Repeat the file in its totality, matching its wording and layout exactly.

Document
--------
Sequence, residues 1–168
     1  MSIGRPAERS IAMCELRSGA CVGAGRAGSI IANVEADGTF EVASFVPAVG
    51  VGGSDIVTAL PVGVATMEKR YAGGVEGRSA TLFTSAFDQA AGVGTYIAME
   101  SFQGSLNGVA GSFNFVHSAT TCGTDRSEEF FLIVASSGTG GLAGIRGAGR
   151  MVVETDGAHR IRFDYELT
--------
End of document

Sequence, residues 1–168
     1  MSIGRPAERS IAMCELRSGA CVGAGRAGSI IANVEADGTF EVASFVPAVG
    51  VGGSDIVTAL PVGVATMEKR YAGGVEGRSA TLFTSAFDQA AGVGTYIAME
   101  SFQGSLNGVA GSFNFVHSAT TCGTDRSEEF FLIVASSGTG GLAGIRGAGR
   151  MVVETDGAHR IRFDYELT